What if my stored sauces are frozen solid when taken out?

If pulled frozen sauces from storage make sure to thaw overnight safely in your refrigerator before attempting to use them – this will also help retain flavor qualities as much as possible since reheating quickly can have adverse affects on sauce integrity if done improperly!

Is there a way to reduce the time required for thickening pizza sauce?

Yes, you can use a higher heat while cooking and also reduce the amount of liquid in your recipe to speed up the process. However, high heat will affect the texture and flavor of your results so be sure to adjust seasonings accordingly. Alternatively, Beurre Manié provides an quick and easy way to thicken sauces without compromising too much on taste or texture though cheese is not an option when using this method.

What is Beurre Manié?

Beurre Manié (also known as butter-flour paste) is a combination of equal parts softened butter and white flour that’s been kneaded together until it forms a smooth paste. This paste can then be added directly into boiling liquids such as soups or sauces to quickly thicken them without changing their flavors drastically or affecting their textures negatively like some other methods may do – it also helps keep large particles from forming which helps maintain clarity in clear soups or broths!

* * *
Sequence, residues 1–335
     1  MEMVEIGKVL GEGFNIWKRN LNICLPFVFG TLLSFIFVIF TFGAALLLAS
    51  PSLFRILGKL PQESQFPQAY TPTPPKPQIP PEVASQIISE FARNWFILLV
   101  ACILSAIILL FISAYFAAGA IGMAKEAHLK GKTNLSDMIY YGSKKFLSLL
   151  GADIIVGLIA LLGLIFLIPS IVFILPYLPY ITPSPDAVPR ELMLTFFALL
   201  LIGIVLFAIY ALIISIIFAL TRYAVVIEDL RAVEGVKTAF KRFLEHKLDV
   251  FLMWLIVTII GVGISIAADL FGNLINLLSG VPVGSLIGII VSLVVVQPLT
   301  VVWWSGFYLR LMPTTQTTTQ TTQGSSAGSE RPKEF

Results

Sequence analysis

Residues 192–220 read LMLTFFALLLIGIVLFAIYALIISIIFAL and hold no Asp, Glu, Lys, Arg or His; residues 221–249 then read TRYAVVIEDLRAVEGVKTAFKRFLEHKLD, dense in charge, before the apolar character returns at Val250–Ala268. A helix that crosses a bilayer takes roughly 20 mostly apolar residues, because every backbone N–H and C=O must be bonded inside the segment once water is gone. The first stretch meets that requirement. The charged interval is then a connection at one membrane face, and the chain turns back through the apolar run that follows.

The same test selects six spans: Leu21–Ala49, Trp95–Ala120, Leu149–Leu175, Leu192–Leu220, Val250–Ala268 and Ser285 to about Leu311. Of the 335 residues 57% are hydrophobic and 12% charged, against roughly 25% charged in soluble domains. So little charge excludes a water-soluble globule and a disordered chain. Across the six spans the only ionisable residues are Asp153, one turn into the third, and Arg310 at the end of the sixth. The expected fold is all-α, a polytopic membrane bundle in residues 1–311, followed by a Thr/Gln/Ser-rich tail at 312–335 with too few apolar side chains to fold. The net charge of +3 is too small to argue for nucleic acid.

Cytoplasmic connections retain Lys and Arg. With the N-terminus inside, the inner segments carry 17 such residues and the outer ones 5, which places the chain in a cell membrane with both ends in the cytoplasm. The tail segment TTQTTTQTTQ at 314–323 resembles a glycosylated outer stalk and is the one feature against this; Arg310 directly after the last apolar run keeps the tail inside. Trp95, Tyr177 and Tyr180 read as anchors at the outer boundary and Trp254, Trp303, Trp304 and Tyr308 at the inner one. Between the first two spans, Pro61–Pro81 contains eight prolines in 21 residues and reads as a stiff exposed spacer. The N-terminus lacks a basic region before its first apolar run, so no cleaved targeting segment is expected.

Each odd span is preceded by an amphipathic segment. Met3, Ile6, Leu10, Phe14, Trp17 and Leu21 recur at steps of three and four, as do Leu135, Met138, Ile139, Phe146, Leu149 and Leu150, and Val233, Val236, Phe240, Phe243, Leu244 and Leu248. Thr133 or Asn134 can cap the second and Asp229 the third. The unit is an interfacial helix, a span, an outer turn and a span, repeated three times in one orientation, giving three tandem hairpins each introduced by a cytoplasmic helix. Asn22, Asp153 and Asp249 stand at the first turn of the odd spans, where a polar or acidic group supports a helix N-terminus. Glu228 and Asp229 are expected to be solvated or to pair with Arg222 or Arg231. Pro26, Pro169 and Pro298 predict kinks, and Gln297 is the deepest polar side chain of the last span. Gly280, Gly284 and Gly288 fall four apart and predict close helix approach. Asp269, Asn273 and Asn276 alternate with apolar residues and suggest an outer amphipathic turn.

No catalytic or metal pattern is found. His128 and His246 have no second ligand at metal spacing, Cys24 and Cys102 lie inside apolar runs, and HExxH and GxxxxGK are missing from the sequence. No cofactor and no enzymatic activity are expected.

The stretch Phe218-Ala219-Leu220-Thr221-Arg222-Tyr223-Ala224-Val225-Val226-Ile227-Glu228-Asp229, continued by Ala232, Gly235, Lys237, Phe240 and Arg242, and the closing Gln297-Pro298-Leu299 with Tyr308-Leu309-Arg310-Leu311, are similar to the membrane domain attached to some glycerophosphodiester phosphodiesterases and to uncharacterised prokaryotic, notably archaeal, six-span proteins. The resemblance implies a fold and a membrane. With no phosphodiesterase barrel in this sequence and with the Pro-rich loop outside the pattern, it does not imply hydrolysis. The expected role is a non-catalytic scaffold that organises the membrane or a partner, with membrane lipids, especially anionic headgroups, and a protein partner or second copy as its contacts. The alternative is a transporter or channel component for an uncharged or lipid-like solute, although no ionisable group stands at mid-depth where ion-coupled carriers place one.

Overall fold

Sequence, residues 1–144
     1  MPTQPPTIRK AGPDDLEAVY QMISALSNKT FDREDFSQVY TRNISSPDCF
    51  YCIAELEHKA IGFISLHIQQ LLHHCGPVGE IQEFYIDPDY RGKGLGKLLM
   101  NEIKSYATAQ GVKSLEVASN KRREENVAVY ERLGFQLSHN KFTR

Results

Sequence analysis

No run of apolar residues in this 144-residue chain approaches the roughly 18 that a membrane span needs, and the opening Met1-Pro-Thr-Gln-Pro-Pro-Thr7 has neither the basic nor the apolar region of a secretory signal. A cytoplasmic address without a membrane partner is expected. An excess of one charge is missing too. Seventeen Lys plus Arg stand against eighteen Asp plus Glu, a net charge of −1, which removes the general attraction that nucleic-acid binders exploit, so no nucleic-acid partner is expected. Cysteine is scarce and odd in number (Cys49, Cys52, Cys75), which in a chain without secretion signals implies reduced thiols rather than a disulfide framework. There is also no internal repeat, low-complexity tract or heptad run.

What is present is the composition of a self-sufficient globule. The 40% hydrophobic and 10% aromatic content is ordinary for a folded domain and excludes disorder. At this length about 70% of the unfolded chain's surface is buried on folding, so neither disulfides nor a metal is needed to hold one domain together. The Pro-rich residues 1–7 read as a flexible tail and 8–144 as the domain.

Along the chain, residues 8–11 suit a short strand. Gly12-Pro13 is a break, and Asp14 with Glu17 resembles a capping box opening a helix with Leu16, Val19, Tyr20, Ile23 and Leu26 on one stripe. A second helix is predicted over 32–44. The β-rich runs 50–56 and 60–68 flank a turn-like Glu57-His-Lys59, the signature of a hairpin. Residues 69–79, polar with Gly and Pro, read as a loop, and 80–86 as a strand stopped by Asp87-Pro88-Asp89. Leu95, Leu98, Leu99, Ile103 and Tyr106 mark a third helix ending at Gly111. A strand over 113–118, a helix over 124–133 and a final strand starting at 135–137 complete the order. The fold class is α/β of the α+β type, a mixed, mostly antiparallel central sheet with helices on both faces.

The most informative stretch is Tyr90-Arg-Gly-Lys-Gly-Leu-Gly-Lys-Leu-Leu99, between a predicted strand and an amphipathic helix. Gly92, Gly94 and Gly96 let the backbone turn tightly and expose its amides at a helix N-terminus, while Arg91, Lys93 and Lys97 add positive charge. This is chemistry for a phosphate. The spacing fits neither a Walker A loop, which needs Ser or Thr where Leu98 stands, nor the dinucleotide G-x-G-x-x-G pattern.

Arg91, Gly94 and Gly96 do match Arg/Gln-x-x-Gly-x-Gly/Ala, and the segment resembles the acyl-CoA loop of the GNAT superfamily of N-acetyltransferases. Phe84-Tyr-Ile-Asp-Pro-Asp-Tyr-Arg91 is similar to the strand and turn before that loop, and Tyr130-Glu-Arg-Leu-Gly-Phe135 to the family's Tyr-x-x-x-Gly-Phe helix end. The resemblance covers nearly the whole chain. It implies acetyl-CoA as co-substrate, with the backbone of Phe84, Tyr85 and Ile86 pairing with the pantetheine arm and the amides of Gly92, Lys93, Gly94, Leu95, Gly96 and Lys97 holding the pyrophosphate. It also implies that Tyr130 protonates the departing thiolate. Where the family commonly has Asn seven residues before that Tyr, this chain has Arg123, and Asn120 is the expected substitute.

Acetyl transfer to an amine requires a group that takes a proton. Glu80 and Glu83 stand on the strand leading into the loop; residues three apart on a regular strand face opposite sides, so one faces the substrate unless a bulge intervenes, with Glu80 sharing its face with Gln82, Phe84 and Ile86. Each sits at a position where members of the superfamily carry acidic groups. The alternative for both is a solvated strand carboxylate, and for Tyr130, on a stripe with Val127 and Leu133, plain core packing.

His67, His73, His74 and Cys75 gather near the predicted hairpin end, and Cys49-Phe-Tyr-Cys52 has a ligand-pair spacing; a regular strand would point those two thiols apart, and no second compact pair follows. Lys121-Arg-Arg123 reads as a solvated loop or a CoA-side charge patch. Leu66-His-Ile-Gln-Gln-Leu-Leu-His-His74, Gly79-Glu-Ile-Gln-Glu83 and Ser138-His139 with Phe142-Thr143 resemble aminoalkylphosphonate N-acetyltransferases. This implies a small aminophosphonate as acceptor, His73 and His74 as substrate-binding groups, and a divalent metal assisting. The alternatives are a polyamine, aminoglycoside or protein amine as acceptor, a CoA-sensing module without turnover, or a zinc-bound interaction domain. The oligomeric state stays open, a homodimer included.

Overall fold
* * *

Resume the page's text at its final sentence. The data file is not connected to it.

Can I make my own Beurre Manié if I don’t have any on hand?

Yes! You can easily make your own Beurre Manié by combining equal parts softened butter and white flour until it forms a smooth paste. Make sure to knead the mixture thoroughly before adding directly into boiling liquid. Additionally, you’ll want to add small amounts of Beurre Manié at a time in order to avoid over thickening the sauce or broth.

How can I adjust the consistency of my thicker pizza sauce?